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At the co-working space that I am in, there are a number of wireless access points around. However, there is one that only some of us are able to connect to. We suspect it is because the access point is running on a wireless network that one of the machines does not support.

Out of curiousity, I got to wondering: Is there some command line utility to tell whether a wireless network is a, b, g, or n?

I'm aware that I can get quite a bit of information out of something like iwconfig or airport, but I don't recall it listing the wireless type.

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up vote 2 down vote accepted

The command iwlist scan will tell you, but it won't decode it for you. You have to look at the frequency, channel, and offered speeds to guess what variety of wifi is offered by that access point.

      Cell 11 - Address: 00:24:A8:1B:CC:00
                Frequency:2.442 GHz (Channel 7)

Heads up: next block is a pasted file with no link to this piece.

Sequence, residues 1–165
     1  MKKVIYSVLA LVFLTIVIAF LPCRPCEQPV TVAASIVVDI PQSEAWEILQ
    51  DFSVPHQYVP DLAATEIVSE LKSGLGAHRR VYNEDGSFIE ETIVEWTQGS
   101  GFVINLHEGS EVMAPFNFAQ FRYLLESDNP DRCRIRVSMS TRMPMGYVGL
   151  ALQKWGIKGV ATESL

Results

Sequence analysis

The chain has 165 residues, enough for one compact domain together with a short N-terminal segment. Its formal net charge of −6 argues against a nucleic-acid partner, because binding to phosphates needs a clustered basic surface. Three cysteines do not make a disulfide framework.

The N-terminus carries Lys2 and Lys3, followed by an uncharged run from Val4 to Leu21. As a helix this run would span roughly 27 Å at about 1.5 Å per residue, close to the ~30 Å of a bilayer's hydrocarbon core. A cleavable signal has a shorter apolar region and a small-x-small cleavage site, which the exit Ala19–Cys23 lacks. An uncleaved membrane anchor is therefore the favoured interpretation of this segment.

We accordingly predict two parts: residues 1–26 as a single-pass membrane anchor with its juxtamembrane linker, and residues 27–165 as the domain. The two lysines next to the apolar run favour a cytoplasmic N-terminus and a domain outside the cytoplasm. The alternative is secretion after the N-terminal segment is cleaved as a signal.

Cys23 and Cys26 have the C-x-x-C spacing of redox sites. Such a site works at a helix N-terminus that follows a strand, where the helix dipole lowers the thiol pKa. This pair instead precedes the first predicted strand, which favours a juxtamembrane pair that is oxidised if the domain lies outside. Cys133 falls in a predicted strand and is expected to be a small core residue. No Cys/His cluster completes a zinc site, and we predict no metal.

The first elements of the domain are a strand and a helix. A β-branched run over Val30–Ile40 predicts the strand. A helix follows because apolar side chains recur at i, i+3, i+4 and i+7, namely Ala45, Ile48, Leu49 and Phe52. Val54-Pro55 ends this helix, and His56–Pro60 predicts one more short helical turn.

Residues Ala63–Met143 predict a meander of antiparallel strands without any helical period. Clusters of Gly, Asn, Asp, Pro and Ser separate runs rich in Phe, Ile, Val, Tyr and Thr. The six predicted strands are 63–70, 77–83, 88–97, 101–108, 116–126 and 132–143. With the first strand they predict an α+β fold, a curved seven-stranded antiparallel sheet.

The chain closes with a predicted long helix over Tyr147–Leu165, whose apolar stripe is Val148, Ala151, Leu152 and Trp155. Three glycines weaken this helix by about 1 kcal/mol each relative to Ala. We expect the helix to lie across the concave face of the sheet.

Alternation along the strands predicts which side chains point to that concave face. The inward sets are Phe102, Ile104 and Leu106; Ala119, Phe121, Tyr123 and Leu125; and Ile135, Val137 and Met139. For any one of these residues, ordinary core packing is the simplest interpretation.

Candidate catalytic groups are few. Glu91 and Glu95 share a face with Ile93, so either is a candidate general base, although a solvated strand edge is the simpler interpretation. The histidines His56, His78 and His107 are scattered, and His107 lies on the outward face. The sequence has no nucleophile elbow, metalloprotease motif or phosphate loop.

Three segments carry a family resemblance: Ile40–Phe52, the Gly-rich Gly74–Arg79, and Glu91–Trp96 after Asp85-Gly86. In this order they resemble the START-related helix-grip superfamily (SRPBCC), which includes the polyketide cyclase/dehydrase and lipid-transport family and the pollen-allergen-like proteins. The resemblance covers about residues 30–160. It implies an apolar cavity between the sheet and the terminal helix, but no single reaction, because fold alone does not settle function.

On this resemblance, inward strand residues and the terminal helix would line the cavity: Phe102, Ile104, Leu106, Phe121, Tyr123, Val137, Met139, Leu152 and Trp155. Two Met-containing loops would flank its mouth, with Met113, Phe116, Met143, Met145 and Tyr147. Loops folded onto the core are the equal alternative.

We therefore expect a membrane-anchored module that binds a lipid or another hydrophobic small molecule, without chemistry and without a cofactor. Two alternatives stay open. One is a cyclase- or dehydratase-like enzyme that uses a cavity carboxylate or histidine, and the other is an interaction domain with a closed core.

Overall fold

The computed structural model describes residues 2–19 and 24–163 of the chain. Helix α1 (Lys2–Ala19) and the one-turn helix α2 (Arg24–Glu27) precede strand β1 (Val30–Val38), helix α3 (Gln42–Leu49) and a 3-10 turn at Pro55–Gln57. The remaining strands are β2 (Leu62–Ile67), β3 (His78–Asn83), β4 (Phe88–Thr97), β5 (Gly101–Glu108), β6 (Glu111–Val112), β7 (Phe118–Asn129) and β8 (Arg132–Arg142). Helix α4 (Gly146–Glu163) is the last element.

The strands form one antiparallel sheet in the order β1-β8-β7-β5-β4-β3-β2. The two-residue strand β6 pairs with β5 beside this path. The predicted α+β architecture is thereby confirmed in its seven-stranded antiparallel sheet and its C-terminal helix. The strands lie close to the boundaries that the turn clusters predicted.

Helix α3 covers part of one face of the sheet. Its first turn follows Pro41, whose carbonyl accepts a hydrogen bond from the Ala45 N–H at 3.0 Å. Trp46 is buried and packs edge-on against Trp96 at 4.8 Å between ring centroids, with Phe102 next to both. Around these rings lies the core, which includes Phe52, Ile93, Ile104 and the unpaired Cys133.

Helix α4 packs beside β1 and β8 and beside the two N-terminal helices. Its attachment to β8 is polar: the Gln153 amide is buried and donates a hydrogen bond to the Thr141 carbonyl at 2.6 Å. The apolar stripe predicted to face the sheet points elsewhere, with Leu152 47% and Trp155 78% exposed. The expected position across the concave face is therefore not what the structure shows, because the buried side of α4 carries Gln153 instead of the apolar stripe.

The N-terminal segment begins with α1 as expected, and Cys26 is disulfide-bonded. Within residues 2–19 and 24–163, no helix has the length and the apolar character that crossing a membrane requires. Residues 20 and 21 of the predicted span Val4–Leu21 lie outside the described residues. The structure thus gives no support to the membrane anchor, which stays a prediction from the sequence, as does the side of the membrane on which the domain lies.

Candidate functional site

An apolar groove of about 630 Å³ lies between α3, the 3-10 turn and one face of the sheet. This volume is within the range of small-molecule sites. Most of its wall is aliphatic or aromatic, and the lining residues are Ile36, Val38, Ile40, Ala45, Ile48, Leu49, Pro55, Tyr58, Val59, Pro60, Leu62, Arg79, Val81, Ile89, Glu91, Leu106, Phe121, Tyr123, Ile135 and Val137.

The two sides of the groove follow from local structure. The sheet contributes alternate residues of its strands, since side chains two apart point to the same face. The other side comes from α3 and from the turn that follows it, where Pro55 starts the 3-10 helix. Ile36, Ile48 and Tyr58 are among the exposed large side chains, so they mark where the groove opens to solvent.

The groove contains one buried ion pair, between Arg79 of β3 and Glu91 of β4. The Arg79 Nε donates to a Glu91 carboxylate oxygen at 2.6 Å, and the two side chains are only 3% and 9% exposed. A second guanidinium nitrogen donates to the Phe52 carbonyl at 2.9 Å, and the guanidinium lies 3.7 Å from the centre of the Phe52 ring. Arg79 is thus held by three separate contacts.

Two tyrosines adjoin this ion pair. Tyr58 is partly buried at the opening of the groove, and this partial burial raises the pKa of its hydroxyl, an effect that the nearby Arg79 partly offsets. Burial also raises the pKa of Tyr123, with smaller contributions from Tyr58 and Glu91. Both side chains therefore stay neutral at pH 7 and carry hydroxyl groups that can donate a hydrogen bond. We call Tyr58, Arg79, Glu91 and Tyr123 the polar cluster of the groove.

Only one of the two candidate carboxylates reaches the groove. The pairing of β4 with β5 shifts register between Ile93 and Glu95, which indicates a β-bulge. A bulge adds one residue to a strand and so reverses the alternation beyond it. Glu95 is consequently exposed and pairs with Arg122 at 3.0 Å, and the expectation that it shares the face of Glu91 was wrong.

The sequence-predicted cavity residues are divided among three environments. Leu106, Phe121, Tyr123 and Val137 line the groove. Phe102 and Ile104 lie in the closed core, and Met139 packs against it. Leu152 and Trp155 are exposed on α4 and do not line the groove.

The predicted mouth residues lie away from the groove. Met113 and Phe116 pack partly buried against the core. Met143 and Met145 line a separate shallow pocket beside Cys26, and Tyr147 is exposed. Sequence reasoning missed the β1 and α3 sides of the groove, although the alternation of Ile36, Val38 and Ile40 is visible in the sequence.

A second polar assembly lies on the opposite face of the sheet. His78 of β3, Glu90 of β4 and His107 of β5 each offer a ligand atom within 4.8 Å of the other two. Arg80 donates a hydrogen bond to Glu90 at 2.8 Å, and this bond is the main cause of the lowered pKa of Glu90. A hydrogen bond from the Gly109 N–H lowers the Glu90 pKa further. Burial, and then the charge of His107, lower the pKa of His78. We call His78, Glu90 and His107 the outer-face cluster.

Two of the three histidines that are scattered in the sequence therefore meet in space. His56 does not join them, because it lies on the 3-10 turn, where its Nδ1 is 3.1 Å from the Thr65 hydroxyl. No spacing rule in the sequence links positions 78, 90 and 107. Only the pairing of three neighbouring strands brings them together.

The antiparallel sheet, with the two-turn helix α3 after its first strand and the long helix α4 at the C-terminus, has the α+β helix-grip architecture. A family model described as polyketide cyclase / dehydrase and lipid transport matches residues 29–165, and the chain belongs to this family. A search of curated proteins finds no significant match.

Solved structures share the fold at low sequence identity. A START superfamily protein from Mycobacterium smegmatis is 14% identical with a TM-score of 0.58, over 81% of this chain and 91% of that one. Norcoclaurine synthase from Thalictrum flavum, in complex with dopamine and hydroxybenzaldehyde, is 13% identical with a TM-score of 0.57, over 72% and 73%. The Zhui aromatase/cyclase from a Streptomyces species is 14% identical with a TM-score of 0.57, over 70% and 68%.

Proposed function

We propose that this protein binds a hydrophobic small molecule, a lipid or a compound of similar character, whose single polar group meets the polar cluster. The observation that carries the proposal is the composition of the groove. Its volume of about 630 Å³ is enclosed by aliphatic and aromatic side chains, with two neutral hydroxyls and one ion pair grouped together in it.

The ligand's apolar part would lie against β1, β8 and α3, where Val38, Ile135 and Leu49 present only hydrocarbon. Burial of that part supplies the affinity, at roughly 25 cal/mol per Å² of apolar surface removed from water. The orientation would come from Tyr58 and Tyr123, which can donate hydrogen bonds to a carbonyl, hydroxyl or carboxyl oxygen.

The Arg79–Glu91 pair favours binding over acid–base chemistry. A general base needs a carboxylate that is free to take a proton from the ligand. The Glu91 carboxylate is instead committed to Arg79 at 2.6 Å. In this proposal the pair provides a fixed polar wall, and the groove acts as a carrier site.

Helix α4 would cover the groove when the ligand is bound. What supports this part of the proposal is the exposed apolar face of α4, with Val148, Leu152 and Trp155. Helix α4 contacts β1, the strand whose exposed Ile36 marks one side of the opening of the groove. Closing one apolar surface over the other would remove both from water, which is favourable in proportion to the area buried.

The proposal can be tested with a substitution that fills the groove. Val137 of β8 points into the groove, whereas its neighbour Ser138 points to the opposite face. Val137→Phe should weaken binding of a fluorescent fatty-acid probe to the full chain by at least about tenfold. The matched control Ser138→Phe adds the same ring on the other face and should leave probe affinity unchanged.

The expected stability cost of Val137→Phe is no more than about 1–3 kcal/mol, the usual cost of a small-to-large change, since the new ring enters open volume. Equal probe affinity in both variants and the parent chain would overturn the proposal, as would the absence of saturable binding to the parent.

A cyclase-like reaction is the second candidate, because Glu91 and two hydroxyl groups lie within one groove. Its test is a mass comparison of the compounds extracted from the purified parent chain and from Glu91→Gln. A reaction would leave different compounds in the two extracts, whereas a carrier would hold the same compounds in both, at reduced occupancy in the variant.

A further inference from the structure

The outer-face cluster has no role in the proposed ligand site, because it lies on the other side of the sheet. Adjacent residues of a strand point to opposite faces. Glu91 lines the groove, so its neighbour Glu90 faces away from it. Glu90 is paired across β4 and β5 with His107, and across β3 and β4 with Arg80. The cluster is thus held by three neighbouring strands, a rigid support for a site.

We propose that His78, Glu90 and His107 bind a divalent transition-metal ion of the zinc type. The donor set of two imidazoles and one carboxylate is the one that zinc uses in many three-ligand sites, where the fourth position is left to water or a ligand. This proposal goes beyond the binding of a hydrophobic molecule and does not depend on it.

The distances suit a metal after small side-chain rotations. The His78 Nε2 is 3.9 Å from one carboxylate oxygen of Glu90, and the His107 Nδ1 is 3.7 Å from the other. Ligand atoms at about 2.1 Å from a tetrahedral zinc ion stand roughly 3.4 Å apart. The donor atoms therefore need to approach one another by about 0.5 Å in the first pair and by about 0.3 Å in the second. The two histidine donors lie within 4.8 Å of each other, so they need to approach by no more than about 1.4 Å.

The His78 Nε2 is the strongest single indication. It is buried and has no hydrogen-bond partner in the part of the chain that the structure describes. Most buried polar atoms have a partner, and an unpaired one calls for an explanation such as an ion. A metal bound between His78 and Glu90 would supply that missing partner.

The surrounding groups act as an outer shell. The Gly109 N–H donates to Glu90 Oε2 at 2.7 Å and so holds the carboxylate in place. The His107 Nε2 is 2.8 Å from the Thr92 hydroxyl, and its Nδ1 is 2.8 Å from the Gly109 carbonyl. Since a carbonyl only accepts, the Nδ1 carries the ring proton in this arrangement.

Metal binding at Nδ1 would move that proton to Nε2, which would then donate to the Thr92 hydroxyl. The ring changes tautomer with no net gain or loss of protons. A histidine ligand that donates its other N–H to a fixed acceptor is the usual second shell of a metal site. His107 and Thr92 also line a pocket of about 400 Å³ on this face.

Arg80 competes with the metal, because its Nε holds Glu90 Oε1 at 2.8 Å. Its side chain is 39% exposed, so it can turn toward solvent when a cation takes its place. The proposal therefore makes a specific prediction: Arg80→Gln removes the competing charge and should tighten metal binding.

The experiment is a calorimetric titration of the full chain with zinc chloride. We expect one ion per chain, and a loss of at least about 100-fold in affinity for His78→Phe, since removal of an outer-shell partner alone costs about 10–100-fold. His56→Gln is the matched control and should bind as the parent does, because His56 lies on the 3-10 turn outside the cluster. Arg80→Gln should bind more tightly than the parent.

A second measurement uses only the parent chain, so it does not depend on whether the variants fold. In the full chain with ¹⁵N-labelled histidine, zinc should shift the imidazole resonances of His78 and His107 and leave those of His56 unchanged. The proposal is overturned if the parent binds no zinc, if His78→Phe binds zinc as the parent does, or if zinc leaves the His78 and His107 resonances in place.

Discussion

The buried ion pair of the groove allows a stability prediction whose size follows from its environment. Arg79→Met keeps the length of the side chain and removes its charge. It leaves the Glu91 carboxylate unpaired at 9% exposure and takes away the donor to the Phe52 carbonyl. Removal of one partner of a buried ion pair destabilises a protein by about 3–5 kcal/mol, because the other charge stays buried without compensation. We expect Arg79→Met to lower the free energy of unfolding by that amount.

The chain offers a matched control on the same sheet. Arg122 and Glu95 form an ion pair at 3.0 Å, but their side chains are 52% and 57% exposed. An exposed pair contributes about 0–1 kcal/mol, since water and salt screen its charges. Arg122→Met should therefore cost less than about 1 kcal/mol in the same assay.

Quality=28/70  Signal level=-82 dBm  
                Encryption key:off
                Bit Rates:1 Mb/s; 2 Mb/s; 5.5 Mb/s; 11 Mb/s; 6 Mb/s
                          9 Mb/s; 12 Mb/s; 18 Mb/s
                Bit Rates:24 Mb/s; 36 Mb/s; 48 Mb/s; 54 Mb/s
                Extra: Last beacon: 2328ms ago

That's a 802.11g access point. You can tell because the frequency is 2.4GHz, and the speeds go up to 54Mbs.

802.11n will be on either 2.4GHz or a 5GHz channel, but the speeds offered will be higher.

802.11a will be on a 5GHz channel, but with speeds less than offered by n.

Also pay attention to the security information.

                IE: WPA Version 1
                    Group Cipher : TKIP
                    Pairwise Ciphers (1) : TKIP
                    Authentication Suites (1) : PSK


                IE: IEEE 802.11i/WPA2 Version 1
                    Group Cipher : CCMP
                    Pairwise Ciphers (1) : CCMP
                    Authentication Suites (1) : PSK
                IE: WPA Version 1
                    Group Cipher : CCMP
                    Pairwise Ciphers (1) : CCMP
                    Authentication Suites (1) : PSK

And others. Some wifi stacks don't talk well to some WPA standards.

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This is a really great answer (I tried it at home on my Arch Linux machine), but unfortunately, it doesn't work on Mac. You wouldn't happen to know of the equivalent command in mac, would you? – NT3RP May 14 '12 at 15:52
@NT3RP I don't have a mac to play with, so no I don't. – sysadmin1138 May 14 '12 at 16:55

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